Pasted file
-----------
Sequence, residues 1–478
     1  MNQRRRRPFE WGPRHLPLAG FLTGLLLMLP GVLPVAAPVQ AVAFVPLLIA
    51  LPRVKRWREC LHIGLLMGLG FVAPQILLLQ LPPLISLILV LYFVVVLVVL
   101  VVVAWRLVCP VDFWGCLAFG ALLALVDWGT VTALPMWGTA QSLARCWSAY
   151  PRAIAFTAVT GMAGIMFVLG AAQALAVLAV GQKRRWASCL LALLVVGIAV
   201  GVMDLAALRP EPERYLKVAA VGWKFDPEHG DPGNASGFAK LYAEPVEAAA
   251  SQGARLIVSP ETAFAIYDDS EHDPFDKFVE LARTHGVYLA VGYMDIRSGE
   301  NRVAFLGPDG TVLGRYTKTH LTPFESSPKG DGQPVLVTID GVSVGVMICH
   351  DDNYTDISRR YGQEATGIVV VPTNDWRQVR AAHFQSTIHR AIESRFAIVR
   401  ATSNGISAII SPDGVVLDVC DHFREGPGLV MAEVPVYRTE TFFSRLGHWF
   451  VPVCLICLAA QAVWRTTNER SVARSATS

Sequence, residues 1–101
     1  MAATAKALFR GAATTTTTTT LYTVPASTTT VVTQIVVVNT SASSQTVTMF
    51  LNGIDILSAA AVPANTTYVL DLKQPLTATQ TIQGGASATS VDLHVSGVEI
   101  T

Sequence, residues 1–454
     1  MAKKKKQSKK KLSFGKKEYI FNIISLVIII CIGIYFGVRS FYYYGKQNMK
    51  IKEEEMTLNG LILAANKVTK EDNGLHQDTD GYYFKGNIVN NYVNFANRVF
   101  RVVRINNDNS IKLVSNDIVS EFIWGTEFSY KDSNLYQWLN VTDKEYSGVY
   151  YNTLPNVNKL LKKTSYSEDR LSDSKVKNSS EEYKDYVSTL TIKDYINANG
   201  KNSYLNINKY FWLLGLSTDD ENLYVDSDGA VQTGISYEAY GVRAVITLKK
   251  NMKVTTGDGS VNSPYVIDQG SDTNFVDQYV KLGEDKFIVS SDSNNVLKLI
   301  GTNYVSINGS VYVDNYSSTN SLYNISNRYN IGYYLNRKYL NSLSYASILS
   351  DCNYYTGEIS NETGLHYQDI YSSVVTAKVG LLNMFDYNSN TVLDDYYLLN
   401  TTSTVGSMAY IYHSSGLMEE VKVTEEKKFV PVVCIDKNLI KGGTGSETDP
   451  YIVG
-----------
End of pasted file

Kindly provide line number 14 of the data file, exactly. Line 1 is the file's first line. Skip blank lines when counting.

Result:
    51  LNGIDILSAA AVPANTTYVL DLKQPLTATQ TIQGGASATS VDLHVSGVEI